Australia orders review into Chinese-made cameras in defense offices
16:56 JST, February 9, 2023
SYDNEY, Feb 9 (Reuters) – The Australian government will examine surveillance technology used in offices of the defense department, Defence Minister Richard Marles said on Thursday, amid reports the Chinese-made cameras installed there raised security risks.
The move comes after Britain in November asked its departments to stop installing Chinese-linked surveillance cameras at sensitive buildings. Some U.S. states have banned vendors and products from several Chinese technology companies.
This is an issue and … we’re doing an assessment of all the technology for surveillance within the defense (department) and where those particular cameras are found, they are going to be removed, Marles told ABC Radio in an interview.
Opposition lawmaker James Paterson said on Thursday his own audit had revealed almost 1,000 units of equipment by Hangzhou Hikvision Digital Technology and Dahua Technology Co – two partly state-owned Chinese firms – were installed across more than 250 Australian government offices.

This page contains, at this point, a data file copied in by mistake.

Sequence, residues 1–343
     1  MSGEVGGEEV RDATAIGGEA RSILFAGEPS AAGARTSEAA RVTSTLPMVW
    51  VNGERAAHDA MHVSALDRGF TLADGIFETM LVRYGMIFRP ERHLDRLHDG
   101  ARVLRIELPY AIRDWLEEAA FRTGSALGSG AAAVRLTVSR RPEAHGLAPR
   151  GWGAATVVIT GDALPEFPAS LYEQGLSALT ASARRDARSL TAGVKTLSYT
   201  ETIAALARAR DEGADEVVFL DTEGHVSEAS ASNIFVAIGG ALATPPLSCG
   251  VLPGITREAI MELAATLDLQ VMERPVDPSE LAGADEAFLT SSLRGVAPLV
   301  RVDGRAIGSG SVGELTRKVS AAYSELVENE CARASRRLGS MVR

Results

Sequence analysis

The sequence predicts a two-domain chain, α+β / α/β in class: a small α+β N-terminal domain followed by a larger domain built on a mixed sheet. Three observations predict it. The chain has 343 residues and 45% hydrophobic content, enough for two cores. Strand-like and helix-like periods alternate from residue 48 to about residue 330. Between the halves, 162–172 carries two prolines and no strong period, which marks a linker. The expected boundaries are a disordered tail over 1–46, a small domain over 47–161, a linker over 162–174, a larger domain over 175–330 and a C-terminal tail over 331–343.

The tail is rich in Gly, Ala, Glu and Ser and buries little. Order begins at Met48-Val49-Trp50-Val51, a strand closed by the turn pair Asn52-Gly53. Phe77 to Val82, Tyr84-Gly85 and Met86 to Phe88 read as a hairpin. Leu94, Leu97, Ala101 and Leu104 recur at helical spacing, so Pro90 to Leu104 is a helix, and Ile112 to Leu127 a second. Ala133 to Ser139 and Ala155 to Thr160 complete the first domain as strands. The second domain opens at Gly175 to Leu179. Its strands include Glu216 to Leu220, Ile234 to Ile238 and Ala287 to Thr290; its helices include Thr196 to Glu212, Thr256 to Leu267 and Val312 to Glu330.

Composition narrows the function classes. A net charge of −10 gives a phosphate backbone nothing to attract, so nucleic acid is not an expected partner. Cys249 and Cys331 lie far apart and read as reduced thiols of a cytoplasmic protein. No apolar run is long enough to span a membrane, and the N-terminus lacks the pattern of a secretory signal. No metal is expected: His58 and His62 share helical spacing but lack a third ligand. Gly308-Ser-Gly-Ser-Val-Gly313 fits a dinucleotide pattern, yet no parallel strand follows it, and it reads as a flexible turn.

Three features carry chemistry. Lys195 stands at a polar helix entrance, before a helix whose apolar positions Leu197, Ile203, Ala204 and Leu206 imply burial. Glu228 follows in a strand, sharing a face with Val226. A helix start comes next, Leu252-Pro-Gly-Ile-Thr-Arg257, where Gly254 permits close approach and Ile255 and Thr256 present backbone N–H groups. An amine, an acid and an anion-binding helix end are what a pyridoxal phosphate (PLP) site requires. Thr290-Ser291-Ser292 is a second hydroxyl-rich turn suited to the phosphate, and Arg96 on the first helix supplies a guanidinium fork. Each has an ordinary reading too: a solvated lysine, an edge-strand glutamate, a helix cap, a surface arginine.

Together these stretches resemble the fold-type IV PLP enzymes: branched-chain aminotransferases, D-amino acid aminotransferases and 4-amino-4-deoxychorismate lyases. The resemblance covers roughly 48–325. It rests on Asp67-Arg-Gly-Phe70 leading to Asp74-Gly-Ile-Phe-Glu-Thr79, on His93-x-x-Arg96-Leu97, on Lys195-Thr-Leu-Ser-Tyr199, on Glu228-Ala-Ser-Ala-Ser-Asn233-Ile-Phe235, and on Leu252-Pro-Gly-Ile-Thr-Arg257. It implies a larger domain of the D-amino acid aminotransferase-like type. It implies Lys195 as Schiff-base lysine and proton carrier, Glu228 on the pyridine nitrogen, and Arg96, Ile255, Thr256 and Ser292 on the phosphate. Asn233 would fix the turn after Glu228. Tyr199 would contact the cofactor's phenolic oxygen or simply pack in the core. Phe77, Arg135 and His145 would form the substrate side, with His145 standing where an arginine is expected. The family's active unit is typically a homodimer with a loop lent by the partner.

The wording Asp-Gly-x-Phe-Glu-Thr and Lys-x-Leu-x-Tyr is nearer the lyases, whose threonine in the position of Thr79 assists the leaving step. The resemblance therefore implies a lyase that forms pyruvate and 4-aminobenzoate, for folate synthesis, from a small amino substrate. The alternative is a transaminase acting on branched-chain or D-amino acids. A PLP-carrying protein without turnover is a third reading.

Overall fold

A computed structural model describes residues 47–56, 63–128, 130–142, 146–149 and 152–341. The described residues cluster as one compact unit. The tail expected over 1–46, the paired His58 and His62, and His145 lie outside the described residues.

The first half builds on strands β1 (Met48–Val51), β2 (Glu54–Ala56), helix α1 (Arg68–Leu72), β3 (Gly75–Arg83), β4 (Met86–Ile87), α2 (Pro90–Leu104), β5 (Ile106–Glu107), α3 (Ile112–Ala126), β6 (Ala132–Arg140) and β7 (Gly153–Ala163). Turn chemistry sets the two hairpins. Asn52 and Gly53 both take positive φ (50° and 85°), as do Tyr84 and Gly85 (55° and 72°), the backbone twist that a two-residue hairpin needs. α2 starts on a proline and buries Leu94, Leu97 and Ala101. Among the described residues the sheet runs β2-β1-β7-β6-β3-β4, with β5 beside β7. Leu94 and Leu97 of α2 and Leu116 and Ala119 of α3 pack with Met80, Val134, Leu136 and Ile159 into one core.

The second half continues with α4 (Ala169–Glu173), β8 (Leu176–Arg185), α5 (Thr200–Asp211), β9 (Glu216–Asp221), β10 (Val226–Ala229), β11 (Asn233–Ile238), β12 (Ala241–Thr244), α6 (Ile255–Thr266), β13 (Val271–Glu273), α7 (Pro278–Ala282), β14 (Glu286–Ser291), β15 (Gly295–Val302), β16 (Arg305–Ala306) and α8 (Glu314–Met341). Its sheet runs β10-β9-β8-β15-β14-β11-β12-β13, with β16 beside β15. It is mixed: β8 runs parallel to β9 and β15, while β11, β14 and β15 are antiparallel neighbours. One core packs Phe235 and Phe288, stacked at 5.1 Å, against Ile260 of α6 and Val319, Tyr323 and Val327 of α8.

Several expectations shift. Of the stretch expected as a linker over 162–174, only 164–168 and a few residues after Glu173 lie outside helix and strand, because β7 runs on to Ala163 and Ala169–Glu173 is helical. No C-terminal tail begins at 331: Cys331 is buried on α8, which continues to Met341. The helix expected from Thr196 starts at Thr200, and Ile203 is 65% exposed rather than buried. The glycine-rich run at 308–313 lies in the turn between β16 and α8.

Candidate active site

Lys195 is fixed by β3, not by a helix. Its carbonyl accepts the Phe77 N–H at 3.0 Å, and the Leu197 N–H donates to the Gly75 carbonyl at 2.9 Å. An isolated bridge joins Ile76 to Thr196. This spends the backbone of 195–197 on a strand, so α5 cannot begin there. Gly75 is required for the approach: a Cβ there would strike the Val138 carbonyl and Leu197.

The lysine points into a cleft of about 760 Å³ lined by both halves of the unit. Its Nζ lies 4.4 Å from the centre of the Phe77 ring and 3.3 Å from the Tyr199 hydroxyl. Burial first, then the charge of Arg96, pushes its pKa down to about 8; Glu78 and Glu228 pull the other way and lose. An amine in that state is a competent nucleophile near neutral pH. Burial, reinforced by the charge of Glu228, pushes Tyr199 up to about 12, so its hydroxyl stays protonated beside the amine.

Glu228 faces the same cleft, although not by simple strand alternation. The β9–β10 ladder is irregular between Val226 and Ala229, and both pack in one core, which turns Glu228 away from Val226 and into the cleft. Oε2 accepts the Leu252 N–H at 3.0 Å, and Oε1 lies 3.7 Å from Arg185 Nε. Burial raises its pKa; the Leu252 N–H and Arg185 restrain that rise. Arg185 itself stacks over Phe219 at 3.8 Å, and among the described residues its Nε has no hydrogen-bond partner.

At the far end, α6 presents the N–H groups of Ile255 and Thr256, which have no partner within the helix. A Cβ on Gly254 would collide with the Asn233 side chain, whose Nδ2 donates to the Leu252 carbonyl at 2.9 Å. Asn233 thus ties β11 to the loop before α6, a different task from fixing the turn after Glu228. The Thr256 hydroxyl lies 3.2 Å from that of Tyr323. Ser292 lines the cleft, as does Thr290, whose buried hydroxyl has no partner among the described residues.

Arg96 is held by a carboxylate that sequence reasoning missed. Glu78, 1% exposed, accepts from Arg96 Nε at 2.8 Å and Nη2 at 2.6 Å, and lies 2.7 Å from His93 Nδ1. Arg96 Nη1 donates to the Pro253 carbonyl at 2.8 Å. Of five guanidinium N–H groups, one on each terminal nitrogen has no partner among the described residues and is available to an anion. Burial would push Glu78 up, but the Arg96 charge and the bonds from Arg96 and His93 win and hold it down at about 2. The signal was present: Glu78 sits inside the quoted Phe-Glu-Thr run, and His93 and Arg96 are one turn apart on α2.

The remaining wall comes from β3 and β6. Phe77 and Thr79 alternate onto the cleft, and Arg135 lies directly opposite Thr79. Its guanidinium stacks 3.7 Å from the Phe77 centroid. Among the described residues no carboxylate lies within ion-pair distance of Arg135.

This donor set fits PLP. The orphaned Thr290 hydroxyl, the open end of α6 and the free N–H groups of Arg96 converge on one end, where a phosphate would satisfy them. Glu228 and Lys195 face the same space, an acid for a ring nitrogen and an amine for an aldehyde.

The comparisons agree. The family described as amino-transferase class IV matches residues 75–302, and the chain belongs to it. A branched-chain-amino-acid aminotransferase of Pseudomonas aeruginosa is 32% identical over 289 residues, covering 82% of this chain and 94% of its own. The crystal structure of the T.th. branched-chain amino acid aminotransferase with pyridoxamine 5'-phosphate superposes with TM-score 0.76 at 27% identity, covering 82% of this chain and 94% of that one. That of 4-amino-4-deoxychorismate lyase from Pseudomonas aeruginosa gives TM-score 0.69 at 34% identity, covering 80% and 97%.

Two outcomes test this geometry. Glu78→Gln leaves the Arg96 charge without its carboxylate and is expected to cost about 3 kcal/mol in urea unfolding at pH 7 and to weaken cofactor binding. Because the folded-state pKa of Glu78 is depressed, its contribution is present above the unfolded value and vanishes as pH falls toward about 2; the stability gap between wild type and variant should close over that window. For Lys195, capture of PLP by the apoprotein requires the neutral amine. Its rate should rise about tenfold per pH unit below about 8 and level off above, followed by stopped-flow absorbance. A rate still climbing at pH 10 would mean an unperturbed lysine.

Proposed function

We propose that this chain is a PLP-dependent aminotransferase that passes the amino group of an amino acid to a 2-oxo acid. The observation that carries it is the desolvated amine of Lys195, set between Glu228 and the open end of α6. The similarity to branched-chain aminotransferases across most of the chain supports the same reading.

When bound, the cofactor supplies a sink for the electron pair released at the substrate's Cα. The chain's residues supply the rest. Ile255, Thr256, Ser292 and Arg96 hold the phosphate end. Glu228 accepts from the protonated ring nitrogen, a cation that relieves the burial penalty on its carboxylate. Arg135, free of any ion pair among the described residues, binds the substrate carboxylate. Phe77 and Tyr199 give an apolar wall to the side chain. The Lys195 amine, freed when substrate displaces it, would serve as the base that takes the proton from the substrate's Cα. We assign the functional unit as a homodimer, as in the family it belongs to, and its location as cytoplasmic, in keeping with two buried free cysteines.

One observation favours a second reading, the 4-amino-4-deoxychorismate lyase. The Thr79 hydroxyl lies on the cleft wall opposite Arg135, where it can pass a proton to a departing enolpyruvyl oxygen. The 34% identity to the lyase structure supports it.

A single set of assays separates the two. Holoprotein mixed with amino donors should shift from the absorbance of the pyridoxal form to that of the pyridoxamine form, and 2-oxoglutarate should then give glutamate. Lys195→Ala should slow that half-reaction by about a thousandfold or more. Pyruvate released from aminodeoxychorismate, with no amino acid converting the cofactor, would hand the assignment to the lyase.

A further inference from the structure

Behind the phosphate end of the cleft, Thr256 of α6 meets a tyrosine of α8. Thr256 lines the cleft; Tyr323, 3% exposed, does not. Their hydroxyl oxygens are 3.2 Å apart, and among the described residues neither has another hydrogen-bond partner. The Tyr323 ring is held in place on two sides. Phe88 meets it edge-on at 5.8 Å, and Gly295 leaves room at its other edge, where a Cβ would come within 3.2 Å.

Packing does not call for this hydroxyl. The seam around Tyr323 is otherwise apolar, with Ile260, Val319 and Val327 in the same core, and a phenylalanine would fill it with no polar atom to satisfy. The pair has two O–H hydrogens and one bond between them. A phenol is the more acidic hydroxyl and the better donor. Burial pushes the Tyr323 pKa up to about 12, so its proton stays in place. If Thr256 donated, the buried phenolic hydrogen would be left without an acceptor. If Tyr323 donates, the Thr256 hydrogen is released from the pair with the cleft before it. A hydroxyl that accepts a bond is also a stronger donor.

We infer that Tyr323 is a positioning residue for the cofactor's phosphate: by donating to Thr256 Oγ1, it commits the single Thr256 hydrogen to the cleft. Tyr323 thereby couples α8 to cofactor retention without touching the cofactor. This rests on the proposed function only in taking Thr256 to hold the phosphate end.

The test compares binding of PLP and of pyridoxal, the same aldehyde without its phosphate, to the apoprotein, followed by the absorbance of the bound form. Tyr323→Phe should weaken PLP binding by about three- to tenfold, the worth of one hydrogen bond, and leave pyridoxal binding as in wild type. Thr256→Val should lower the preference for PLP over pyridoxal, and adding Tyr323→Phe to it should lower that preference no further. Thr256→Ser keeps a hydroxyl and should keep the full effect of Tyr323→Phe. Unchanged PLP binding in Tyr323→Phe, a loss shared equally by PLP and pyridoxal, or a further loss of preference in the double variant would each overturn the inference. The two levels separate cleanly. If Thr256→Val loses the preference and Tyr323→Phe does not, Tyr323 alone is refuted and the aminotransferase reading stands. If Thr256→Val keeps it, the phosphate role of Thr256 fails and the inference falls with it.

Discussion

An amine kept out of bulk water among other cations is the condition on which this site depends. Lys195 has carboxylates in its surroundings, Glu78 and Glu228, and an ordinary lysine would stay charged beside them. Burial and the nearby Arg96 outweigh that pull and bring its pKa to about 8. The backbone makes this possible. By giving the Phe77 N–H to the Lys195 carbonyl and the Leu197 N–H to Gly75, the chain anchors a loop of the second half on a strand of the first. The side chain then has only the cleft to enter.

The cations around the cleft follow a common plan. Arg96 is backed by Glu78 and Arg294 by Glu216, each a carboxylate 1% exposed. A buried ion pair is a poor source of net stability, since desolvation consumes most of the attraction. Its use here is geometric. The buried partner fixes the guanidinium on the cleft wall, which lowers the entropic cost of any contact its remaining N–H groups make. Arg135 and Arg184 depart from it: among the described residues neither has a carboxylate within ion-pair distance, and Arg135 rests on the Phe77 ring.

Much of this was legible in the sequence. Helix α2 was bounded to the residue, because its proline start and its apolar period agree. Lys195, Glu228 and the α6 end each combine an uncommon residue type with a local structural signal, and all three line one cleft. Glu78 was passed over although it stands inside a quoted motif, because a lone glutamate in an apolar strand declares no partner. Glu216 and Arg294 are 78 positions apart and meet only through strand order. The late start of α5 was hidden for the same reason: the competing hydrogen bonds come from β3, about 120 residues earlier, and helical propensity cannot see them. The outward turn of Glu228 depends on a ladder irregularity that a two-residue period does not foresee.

Paterson, the shadow minister for cyber security and countering foreign interference, urged the government to urgently come up with a plan to remove all such cameras.
Marles said the issue was significant but “I don’t think we should overstate it.”
Australian media reported on Wednesday that the national war memorial in Canberra would remove several Chinese-made security cameras installed on the premises over concerns of spying.
Hikvision and Dahua Technology did not immediately respond to request seeking comment.
Australia and China have been looking to mend diplomatic ties which soured after Canberra in 2018 banned Huawei from its 5G broadband network. That cooled further after Australia called for an independent investigation into the origins of COVID-19.
China responded with tariffs on several Australian commodities.
Prime Minister Anthony Albanese said he was not concerned about how Beijing might react to the removal of cameras.
We act in accordance with Australia’s national interest. We do so transparently and that’s what we will continue to do, Albanese told reporters.
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